The nation’s chief accountant is stepping down. What does it mean for investors?
Robert Hetz, the Chairman of the Financial Accounting Standards Board, is stepping down as its chief two years ahead of schedule. This comes at a time of tremendous financial uncertainty and as the body is enmeshed in a battle over expanding the use of mark-to-market accounting, which requires companies to use market prices rather than management estimates to value financial holdings.
The fight over mark-to-market has been every bit as contentious as the Mr. Hetz’s signature battle, the struggle to get executive options grants into the income statement. At one hearing on that issue held back in the ‘90s in California, opponents of expensing options had a high-school marching band accompany protesters outside the meeting. Accounting can get people riled up.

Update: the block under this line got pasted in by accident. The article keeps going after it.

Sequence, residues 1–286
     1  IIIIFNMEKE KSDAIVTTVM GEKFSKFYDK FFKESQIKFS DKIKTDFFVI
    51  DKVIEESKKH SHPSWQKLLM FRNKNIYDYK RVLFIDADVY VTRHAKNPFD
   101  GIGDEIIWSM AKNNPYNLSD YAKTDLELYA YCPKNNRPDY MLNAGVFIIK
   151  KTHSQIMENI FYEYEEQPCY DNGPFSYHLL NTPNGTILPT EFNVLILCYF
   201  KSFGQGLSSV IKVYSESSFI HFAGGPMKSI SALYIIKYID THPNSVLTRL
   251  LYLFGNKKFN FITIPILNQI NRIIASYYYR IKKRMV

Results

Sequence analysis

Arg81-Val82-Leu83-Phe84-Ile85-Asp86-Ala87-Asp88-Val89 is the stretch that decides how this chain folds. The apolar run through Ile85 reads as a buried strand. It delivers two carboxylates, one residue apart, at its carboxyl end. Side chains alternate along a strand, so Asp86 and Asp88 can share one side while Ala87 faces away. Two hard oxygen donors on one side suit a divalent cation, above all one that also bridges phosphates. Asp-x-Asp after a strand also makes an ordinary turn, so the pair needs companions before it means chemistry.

The accounting controversies of today are every bit as volatile. The mark-to-market controversy has been derided by both sides, with cost-based pricing disparaged as “mark-to-make-believe,” and the market-pricing approach criticized as “managing for liquidation.” Mr. Hetz had some tough times in 2009 when Congress grilled him over rules for banks. Those rules were subsequently adjusted.
For now, any changes in accounting rules are on hold as the FAS looks for a replacement. As the markets roil over economics and the risk of a double dip, one thing is certain: accounting counts.
Douglas R. Tengdin, CFA
Chief Investment Officer
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